Laser Skin Resurfacing: What Is It & What Is It Used For?

Written by Dr. Allan Wulc
On January 17, 2023

What is laser skin resurfacing?

Laser skin resurfacing is exactly what it sounds like. The light from the laser produces energy.  The energy causes disruption of some of the layers of the skin, and the skin is forced to heal.  When the skin heals, collagen is generated,  collagen reorganizes and builds skin that looks more youthful—that’s tighter and with less age spots and less wrinkles. 

Laser is done to treat wrinkles, age spots, sun damage and scars.  It is not useful to treat saggy skin, though generalized skin tightening can occur with laser.  

There are two types of lasers:  nonablative and ablative. 

Nonablative lasers

Nonablative lasers don’t injury the skin as substantially—their purpose is only to stimulate collagen production without causing a physical burn from substantial amounts of energy contacting the skin.  The results generally that are achieved with nonablative lasers are not as dramatic, and need to be delivered generally with more than a single treatment.

Ablative lasers

Lasers can be delivered both fully ablatively or fractionally.  As the name sounds, fractional treatments only treat a fraction of the skin. The laser can be set to treat 8 % of the skin surface, for example, or tuned to treat 25 %, 35 %, etc. 

Fractional treatments do not achieve the same benefits as fully ablative laser treatments, but have the advantage of faster healing and shorter downtime.   

What are the benefits of laser skin resurfacing?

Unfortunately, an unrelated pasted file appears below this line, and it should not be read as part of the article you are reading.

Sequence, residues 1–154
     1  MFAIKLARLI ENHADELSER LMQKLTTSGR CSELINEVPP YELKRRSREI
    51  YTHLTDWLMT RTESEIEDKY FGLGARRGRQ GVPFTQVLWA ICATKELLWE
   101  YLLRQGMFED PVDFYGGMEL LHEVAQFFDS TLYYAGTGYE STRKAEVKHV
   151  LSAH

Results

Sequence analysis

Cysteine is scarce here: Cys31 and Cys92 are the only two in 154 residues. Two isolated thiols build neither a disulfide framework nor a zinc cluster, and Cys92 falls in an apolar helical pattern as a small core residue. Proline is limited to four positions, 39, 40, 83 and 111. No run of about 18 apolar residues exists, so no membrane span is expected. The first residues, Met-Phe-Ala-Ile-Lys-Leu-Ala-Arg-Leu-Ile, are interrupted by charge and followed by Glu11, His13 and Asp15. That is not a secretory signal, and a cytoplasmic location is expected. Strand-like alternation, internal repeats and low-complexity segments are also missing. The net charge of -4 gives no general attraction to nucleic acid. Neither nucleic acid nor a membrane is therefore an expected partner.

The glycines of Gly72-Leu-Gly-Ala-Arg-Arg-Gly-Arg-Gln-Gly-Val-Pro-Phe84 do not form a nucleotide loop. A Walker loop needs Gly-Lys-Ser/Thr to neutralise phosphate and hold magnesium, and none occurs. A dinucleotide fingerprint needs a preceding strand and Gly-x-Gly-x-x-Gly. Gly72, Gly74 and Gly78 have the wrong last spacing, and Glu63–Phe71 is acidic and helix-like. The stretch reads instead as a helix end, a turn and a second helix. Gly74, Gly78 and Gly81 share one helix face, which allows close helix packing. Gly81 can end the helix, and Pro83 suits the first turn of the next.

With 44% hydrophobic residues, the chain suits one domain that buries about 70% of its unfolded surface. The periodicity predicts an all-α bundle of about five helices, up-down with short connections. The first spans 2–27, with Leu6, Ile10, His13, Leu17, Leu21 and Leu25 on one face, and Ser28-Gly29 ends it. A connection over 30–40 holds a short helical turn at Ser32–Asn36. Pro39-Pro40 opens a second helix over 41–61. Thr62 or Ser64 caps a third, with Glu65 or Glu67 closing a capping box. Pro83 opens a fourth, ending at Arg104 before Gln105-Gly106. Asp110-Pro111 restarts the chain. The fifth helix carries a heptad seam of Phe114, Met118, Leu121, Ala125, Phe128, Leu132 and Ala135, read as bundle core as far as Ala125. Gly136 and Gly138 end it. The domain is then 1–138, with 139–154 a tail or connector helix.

Depending on the type of skin condition or level of skin damage, we can address a variety of skin challenges and conditions, including:

  • Sun damage and age spots
  • Fine lines and deep wrinkles
  • Skin tone & pigmentation
  • Acne and acne scarring
  • Enlarged pores, blackheads, and whiteheads
  • Unwanted Tattoos
  • Rosacea and facial blood vessels
  • Post-traumatic scars

60 year-old woman before and after full laser resurfacing. (Note: Upper and lower blepharoplasty also completed.)

Is laser suitable for all types of skin?

Laser resurfacing is generally reserved for patients who have light skin—those who sunburn easily.  In general,  patients with olive complected or darker skin, generally have to explore other modalities for skin rejuvenation. This is because one of the complications of healing after laser is a change in the pigmentation of the skin.  Darker complected patients can develop hyperpigmentation or lose pigment after treatment—neither of these situations are acceptable.

What is it like to undergo a laser resurfacing treatment?

Laser resurfacing is generally performed either in the office or in an operative setting.   For fractional laser, topical creams are applied and often supplemented with an injection of a novocain-like substance.  Fully ablative lasers in our practice are performed in the operating room.  Treatments can be done with or without sedation—we want you to remain completely comfortable through the procedure.